"Asian Flair" and Mainstream Food Media

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Photograph: dugspr

In an essay for The Bygone Bureau, Darryll Campbell discusses an unsettling trend in middlebrow cooking: "Asian Flair." Used to describe ingredients from a multitude of Asian countries and cultures, "Asian flair" has been used by Rachael Ray, Zagat's and even Coolio to describe that certain something that takes a dish from boring to vaguely exotic.

While Campbell makes a great case for why diluting the cultures of many countries down to what amounts to garnish is kind of racist, he also uses the term's offensiveness to take issue with the legitimacy of the culinary superstars who use it. What's more important here, whether Rachael Ray is making haute cuisine, or the misguided usage of the term itself?

Rachael Oehring

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3 Comments

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  1. Ellen

    Wait, now so it is politically incorrect to use hoisin sauce in my burritos? Does that make the folks at the Chinese restaurant down the street racist when they use cream cheese as won ton filling? I answer no to both of these questions. If someone in Vietnam, be they chef or home cook, wants to experiment with a bottle of New England maple syrup, I can't imagine a way to find it racist, even if they call it Yankee Flair.

    When I was growing up, the U.S. had a culture that accepted racism. Thankfully, in the sixties a period where people became aware and racism and sexism became less accepted. Then we had a backlash in which some folks (the ones privileged under the previous system) were whining about political correctness. Gah, we still have these tools. I think they are called teapottys or something like that. I want to slap them. You have people overreacting in both directions and, on all sides, there is a gaping lack of common sense.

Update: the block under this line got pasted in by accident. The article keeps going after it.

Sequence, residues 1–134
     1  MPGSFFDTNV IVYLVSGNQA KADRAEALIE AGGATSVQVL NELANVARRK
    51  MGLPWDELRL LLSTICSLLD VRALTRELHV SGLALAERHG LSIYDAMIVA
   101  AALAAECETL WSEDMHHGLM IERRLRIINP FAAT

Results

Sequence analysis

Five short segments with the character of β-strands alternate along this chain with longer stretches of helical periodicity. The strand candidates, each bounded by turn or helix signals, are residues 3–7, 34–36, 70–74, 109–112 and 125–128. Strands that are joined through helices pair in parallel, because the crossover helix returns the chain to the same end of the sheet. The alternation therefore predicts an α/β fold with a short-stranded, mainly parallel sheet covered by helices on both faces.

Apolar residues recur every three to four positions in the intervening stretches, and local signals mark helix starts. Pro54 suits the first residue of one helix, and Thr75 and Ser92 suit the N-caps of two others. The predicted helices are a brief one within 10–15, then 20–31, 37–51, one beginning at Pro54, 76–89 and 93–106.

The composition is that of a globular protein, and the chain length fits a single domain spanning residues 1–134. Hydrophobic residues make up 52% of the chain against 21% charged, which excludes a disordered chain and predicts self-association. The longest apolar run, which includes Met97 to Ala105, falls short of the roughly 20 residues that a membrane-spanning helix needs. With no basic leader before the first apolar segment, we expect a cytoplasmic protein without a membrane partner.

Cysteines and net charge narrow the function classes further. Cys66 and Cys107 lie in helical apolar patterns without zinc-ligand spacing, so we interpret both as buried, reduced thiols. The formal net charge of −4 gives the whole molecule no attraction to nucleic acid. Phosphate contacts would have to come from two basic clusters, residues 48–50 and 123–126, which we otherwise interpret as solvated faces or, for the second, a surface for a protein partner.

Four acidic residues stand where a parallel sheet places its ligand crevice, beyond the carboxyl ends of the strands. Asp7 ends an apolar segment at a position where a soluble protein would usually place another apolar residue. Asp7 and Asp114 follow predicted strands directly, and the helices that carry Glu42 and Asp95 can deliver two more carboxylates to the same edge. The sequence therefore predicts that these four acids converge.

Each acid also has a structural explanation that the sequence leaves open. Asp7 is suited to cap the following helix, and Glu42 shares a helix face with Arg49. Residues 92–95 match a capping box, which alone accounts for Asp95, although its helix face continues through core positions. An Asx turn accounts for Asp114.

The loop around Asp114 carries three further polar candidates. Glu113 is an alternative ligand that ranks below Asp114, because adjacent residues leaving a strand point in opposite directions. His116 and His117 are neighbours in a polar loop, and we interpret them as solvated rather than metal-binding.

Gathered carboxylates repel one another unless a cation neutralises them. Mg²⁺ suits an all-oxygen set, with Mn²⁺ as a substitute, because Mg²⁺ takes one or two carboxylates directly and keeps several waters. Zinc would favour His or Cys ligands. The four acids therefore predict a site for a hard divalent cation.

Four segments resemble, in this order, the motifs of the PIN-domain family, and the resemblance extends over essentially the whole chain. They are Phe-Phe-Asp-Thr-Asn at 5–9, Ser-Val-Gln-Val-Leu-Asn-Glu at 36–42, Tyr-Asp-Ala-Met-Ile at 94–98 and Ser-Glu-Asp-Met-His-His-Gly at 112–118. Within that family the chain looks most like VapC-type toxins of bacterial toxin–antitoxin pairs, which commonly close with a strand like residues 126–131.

To avoid racism and sexism, use some empathy, use your head. If you are lacking in sensitivity and intelligence, opt for plain old fashioned courtesy. That's why a code of manners evolves, because many folks left to their own devices can't seem to figure out how to avoid putting their foot in their mouth.

    On the other end of the spectrum, don't devalue the term racist, which has very serious implications, for every little thing you feel proprietary about. To tell someone that they cannot use an ingredient that is part of your culture, that they must use it in a traditional way is absurd. Both in the sense of nutrients to be consumed and pleasure to be experienced, no one has the right to tell other people how to eat and cook. That's just fucked up.

    What Rachel Ray and Coolio have in common is that they are annoying, not racist, just really ANNOYING. There is no law against being annoying. It doesn't even count as a venial sin. So don't watch them. Is the term "Asian Flair" annoying? Hell yeah. So is yummo. So is BAM.

    If they bug you, (and Ray kind of bugs me, even though I get the impression she's a nice person), do what I do. Don't watch them.

  2. Ellen

    And really, the demographic that the Food Network is trying to approach can't cook a decent chicken soup or salad dressing without resorting to all sorts of godawful prepared crap. Of course they are not going to make an authentic pho.

    Again, it is annoying. But the use of the word racist in this context just desensitizes readers to the whole idea of racism. And it smacks of desperate writer trying to come up with some damn content to meet a deadline.

    Silly, silly, silly.

  3. Liz

    What I got from that reading is not that it's racist to use items from Asian countries, but reductionist to call your burrito "Asian-inspired" instead of "Chinese inspired" when using Hoisin sauce in it.

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